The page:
And herein lies the rub. The Bharatiya Janata Party (BJP) lost the elections because – as per many - it had not paid sufficient attention to the needs of rural India. The incoming dispensation is bound to get its priorities right in this regard, more so since it is dependent upon the left parties for its stability in Parliament. Although the new government might be able to make an initial dent, it will soon hit its head against a hard reality. Hardly any government at the Centre is likely to be in a position to make a meaningful reduction in rural poverty unless it seriously tackles the issue of population proliferation. With 20 million more mouths to feed every year and 9 million fresh entrants into the job market where is the question of being able to usher in poverty reduction for the masses in India or, for that matter, the subcontinent, no matter how sound the government policies. To cite an example, easily comprehensible by lay persons, of the horrendous nature of the runaway population growth on the subcontinent, suffice to say that even if ten thousand persons could be transported to new colonies in far away lands every day of the year, it would not make a significant dent in the growing population mass – most of it low birth weight, begotten by misery-stricken people, living in sub human conditions.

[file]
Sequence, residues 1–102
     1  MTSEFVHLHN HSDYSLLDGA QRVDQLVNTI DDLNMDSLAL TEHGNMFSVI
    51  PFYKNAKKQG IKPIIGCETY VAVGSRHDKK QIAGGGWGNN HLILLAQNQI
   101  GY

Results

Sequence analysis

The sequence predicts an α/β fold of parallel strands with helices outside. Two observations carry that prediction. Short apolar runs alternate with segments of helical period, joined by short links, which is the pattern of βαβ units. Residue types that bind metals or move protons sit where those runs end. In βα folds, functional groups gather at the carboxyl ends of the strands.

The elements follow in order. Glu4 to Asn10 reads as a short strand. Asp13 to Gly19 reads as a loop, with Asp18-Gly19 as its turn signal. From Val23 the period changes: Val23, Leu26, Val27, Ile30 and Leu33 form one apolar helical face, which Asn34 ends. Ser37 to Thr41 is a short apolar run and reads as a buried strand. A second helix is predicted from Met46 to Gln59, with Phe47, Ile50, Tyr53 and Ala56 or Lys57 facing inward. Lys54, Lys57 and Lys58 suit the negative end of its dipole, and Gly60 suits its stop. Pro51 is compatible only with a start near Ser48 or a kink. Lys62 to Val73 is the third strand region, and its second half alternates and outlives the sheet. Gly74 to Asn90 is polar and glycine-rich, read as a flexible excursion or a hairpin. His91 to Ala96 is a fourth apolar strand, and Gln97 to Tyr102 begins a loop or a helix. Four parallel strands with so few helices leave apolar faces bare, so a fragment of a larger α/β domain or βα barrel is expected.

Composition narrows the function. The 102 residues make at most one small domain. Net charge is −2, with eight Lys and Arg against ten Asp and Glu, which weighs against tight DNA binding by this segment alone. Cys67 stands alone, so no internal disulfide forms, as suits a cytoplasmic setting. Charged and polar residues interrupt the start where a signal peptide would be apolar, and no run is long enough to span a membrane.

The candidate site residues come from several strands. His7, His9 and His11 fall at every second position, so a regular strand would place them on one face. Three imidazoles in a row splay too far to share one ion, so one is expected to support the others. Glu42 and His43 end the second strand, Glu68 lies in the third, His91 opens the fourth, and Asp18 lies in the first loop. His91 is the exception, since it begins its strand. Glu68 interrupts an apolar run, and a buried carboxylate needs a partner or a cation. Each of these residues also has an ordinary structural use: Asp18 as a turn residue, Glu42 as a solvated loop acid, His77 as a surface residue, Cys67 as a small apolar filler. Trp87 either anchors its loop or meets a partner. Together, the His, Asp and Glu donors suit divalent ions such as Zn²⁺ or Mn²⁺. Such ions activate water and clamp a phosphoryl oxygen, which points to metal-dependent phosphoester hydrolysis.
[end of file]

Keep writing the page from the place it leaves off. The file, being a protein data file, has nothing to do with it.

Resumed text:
There are many other reasons for good policies generally falling by the way side in the countries of the subcontinent. In India, the sorry state of administration in states like Bihar is a case in point. The Bihar model of governance has become a byword for governance degeneration. Uttar Pradesh and a few other states could also go the Bihar way, if they are not careful. What is true of India applies equally to Pakistan and Bangladesh. Rural poverty and the general decline across the length and breadth of the subcontinent, except in a few isolated pockets, will remain the order of the day unless the governments of these countries give overriding priority to population stabilization, albeit in a non-coercive manner.

(Compulsion of the Chinese variety need not come into it for the simple reason that failure to stabilize population is more on account of organizational infirmity than the many other reasons generally cited. It is estimated that today up to fifty per cent or so of births taking place are the result of unwanted pregnancies). Evidently, meaningful population stabilization may not be achievable at this stage without concomitant emphasis on women’s emancipation and much higher outlays on health, hygiene and education. Higher allocations by themselves, were they to be made in future due to altered priorities, will still not yield the desired results because the administrative instrumentalities of the governments of the subcontinent for implementing these decisions at the business end have been blunted and corrupted to a degree that makes them practically useless as harbingers of change in the positive direction. To compound the problem, many governments, immediately on assuming office or just before elections, resort to unabashedly populist measures that can never be a panacea for poverty reduction. Yet state after state goes in for such populism in spite of fiscal deficits running into double digits.